Managers’ Strategic Use of Concurrent Disclosure: Unveiling Hidden Negative News

In today’s fast-paced financial markets, the timely and accurate disclosure of material information is crucial for investors to make informed decisions. However, some managers may seek to exploit investors‘ cognitive constraints and processing capacity to strategically hide negative news. In this blog post, we explore a recent research study conducted by Caleb Rawson, Brady J. Twedt, and Jessica C. Watkins, titled „Managers’ Strategic Use of Concurrent Disclosure: Evidence from 8-K Filings and Press Releases,“ published in The Accounting Review (2023). The study investigates how managers may use concurrent disclosures to distract investors and increase the processing costs associated with unfavorable information. The central question addressed in the study is whether managers strategically issue concurrent disclosures about unrelated events alongside the disclosure of material negative news. The researchers hypothesize that managers may use this tactic to divert investor attention and hinder the market’s reaction to the negative news, thereby exploiting investors‘ processing limitations.

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The 8-K Filings and Press Releases

Form 8-K is a filing required by the U.S. Securities and Exchange Commission (SEC) for companies to disclose material corporate events that are of importance to investors. Concurrently, many firms issue press releases alongside their 8-K filings to provide additional information and context to the disclosed events. Typically, these press releases are assumed to be related to the same event that triggered the 8-K filing.

The Unexplored Tool: Concurrent Unrelated Press Releases

The study explores an interesting alternative scenario in which managers may issue concurrent press releases about unrelated events when disclosing negative news in the 8-K. The researchers suggest that such unrelated press releases may be used strategically to distract investors from the negative news, increasing their information processing costs. This behavior, if prevalent, can potentially hinder market efficiency with respect to negative 8-K disclosures.

Supporting Evidence and Findings

The researchers analyze a sample of 49,652 non-earnings-related 8-K filings for public firms between 2005 and 2018. They find that for approximately one-third of the 8-K filings in their sample, the concurrent press release is unrelated to the underlying 8-K event. This indicates that the assumption that concurrent press releases are always related to the triggering event is frequently invalid.

The study’s main prediction is supported by the data: when an 8-K contains negative news, firms are approximately 7 percent more likely to issue a concurrent unrelated press release rather than a related one. This finding suggests that managers may strategically use unrelated press releases to distract investors from the negative information in the 8-K.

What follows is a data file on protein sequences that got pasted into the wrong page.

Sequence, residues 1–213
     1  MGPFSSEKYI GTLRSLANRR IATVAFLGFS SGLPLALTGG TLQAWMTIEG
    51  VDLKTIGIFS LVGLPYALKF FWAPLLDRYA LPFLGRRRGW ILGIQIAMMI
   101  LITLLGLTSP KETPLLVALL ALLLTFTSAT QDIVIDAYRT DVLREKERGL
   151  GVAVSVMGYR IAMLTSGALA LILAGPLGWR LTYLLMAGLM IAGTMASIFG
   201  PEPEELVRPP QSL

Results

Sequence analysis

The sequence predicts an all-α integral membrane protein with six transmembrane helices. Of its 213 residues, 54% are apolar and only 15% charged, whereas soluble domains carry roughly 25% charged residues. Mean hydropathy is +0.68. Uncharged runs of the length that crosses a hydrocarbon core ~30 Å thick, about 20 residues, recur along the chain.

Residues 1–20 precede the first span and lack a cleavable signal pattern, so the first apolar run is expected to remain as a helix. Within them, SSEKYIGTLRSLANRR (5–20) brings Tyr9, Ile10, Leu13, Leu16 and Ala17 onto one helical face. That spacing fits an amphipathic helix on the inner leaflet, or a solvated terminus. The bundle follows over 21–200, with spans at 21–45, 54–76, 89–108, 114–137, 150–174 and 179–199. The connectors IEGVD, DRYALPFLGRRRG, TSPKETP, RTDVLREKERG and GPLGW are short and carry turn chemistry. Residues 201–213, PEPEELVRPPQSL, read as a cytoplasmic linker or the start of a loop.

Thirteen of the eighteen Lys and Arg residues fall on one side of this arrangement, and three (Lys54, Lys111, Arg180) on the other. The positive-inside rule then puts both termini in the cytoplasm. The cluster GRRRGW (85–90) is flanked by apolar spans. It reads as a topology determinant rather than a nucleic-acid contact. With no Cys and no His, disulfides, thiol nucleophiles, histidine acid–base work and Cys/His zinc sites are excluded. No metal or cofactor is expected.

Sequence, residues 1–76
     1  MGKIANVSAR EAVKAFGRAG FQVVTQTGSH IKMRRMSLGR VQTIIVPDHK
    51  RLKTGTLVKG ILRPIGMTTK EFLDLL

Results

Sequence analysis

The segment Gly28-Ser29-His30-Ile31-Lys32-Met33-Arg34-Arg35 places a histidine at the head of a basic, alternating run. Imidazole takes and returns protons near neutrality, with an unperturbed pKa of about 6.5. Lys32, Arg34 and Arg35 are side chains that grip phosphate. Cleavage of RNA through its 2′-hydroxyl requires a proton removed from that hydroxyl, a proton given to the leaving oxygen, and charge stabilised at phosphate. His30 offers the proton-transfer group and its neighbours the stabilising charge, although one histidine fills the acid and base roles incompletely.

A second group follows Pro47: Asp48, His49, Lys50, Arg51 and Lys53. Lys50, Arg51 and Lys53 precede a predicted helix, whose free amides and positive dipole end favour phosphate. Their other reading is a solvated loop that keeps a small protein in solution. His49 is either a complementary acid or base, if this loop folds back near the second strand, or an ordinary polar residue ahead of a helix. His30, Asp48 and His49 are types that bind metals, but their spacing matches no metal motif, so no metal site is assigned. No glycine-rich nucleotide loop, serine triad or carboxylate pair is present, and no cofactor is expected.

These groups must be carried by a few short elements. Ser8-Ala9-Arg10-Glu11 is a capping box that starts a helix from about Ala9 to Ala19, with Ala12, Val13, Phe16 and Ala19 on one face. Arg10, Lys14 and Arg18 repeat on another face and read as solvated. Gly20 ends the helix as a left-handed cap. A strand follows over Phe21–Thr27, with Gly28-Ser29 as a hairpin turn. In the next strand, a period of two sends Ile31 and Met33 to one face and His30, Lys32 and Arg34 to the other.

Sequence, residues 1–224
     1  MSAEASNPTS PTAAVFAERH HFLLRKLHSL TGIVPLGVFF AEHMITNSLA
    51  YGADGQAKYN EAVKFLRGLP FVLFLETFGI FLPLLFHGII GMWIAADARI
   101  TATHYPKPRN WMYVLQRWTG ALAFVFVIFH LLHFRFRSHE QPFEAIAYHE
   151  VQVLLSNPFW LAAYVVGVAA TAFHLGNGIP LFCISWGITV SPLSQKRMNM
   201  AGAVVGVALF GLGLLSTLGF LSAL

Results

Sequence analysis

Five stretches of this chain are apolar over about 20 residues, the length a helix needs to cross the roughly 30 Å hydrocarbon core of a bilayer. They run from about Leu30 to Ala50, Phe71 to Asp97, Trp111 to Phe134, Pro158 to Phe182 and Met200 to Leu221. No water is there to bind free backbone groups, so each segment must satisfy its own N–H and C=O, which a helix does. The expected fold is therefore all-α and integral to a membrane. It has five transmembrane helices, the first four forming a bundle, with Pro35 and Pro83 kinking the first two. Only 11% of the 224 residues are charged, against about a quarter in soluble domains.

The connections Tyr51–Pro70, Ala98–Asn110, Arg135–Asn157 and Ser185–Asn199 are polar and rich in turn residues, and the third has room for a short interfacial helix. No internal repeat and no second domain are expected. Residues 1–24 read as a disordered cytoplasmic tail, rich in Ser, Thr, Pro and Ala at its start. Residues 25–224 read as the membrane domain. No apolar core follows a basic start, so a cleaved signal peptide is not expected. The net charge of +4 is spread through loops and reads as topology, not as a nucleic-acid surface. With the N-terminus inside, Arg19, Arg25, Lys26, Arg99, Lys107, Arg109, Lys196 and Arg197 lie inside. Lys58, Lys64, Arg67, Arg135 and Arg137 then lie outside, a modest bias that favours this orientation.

Distinguishing Strategic Behavior from Bundling

To address potential alternative explanations, the study distinguishes this strategic behavior from other forms of bundling news. For instance, managers might bundle positive and negative news together to offset price declines or bundle negative news with other negative news to make it difficult to discern individual impacts. However, the researchers provide evidence that unrelated press releases are a distinct phenomenon from bundling for offsetting or noise purposes.

Managers‘ Incentives to Increase Processing Costs

The study also explores cross-sectional variations in the decision to issue unrelated press releases. Managers with upcoming insider sales and those with less discretion in their 8-K reporting (non-7.01 and 8.01 8-Ks) are more likely to issue unrelated press releases concurrently with negative news 8-K filings. Additionally, managers are more likely to use this tactic when investors are more cognitively constrained, such as after market hours.

Impact on Market Efficiency

Finally, the researchers examine whether the use of unrelated press releases successfully diverts investor attention from negative 8-K news and impedes the market’s reaction. As predicted, they find that the speed of price formation following negative 8-K news is significantly slower when firms issue concurrent unrelated press releases. This suggests that unrelated press releases effectively reduce investor attention to negative 8-K disclosures, leading to a reduction in price responsiveness.


The study sheds light on a previously unexplored aspect of managers‘ disclosure strategies. By issuing concurrent unrelated press releases alongside negative 8-K filings, managers may strategically hide unfavorable information and hinder market efficiency. Investors should be aware of this tactic and remain vigilant when analyzing a company’s disclosures.

In conclusion, the research offers valuable insights into how managers utilize disclosure channels to influence investor behavior. It underscores the importance of transparency and timely disclosure in financial markets and the need for investors to carefully scrutinize companies‘ press releases and 8-K filings. By staying informed and vigilant, investors can better navigate the complex landscape of financial disclosures and make more informed investment decisions.

Find the article here.